Fungal sexual reproduction requires complex cellular differentiation processes of hyphal cells. The plant pathogenic fungus Fusarium graminearum produces fruiting bodies called perithecia via sexual reproduction, and perithecia forcibly discharge ascospores into the air for disease initiation and propagation. Lipid metabolism and accumulation are closely related to perithecium formation, yet the molecular mechanisms that regulate these processes are largely unknown. Here, we report that a novel fungal specific bZIP transcription factor, F. graminearum perithecium overproducing 1 (Fpo1), plays a role as a global transcriptional repressor during perithecium production and maturation in F. graminearum. Deletion of FPO1 resulted in reduced vegetative growth, asexual sporulation and virulence and overproduced perithecium, which reached maturity earlier, compared with the wild type. Intriguingly, the hyphae of the fpo1 mutant accumulated excess lipids during perithecium production. Using a combination of molecular biological, transcriptomic and biochemical approaches, we demonstrate that repression of FPO1 after sexual induction leads to reprogramming of carbon metabolism, particularly fatty acid production, which affects sexual reproduction of this fungus. This is the first report of a perithecium-overproducing F. graminearum mutant, and the findings provide comprehensive insight into the role of modulation of carbon metabolism in the sexual reproduction of fungi.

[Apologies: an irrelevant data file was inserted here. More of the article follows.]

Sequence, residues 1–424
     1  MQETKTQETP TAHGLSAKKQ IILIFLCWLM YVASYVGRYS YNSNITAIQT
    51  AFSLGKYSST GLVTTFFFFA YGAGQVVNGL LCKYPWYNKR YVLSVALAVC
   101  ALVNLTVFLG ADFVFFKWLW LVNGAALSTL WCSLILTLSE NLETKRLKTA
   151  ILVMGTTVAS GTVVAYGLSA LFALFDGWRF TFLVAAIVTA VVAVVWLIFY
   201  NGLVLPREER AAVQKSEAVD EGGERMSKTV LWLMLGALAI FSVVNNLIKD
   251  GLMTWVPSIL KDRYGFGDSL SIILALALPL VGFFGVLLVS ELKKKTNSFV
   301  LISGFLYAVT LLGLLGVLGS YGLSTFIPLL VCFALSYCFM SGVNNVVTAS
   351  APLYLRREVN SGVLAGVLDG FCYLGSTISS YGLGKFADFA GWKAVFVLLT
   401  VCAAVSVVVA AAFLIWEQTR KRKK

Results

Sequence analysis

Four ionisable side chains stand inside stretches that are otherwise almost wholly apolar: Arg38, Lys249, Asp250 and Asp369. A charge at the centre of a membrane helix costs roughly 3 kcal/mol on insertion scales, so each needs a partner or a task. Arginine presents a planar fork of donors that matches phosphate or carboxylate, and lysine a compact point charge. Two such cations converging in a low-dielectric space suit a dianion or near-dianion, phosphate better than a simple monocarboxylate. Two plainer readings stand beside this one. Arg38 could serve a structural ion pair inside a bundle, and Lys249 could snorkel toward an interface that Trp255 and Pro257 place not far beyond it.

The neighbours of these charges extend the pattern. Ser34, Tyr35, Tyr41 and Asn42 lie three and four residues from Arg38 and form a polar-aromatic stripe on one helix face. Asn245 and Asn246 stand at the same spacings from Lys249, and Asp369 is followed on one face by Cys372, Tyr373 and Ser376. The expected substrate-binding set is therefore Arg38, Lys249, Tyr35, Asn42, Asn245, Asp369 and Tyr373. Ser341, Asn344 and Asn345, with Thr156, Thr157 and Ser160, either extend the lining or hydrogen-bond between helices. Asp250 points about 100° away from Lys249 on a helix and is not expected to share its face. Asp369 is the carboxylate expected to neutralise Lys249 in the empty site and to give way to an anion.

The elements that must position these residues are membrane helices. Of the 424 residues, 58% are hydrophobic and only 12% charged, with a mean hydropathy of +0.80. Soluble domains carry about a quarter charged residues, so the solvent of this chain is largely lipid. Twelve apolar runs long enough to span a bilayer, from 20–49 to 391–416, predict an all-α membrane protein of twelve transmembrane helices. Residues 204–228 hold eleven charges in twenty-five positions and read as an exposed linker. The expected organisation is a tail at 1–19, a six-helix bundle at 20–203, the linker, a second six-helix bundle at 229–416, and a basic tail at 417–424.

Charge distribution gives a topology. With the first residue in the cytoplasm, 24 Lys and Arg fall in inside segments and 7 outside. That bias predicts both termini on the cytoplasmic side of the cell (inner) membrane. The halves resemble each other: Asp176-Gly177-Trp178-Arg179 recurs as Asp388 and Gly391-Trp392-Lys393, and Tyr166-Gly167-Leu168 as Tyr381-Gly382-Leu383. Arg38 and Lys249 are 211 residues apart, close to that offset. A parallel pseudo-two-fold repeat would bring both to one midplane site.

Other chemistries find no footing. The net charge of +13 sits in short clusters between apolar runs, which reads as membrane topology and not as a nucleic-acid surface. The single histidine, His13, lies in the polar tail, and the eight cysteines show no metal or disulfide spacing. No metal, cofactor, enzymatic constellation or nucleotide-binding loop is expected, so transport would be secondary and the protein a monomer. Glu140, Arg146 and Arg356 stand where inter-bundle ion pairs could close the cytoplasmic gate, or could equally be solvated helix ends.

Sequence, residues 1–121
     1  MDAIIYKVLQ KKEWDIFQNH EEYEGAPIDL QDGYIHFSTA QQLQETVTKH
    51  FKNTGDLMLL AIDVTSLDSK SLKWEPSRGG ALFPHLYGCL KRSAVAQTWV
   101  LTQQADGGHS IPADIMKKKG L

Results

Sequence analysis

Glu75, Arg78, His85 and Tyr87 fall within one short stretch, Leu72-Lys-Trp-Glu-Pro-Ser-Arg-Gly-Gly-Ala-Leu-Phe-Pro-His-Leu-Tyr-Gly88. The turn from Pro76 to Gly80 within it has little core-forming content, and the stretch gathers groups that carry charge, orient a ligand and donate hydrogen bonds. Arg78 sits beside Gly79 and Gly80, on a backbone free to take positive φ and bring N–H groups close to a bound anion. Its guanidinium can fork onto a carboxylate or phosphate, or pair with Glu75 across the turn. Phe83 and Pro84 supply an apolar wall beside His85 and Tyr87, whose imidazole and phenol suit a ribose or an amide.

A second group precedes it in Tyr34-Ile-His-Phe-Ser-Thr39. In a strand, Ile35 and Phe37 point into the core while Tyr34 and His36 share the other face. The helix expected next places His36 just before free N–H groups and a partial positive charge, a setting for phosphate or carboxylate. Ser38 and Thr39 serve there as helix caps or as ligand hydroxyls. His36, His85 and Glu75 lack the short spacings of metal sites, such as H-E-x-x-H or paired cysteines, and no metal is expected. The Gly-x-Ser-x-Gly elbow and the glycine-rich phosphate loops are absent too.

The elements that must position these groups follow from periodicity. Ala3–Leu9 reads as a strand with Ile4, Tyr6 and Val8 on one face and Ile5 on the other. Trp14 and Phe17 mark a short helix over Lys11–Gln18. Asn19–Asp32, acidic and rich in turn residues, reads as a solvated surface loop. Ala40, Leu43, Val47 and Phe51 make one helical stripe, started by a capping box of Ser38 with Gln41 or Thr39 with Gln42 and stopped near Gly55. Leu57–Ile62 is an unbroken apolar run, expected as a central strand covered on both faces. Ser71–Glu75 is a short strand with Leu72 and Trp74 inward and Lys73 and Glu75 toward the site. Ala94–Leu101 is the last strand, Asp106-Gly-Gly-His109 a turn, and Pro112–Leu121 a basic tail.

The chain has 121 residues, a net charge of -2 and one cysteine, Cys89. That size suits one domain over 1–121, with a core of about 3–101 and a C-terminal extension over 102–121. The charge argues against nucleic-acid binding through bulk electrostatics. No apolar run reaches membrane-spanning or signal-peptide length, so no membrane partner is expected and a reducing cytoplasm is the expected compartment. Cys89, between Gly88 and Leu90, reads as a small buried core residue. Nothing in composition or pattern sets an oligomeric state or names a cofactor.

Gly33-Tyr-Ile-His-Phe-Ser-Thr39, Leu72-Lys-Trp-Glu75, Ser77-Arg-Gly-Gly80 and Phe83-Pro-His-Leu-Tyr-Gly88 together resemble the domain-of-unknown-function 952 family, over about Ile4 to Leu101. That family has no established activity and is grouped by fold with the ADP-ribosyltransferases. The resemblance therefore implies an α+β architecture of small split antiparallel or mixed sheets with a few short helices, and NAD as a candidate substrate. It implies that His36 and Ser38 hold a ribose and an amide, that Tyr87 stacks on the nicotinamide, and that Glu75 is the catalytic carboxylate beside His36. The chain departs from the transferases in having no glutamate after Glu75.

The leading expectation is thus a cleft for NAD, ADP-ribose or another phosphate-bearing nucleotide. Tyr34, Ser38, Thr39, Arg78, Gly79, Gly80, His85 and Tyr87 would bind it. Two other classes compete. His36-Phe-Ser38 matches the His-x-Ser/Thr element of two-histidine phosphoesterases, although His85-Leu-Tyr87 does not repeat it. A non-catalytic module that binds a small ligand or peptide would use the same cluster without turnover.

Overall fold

ASJC Scopus subject areas
- Ecology, Evolution, Behavior and Systematics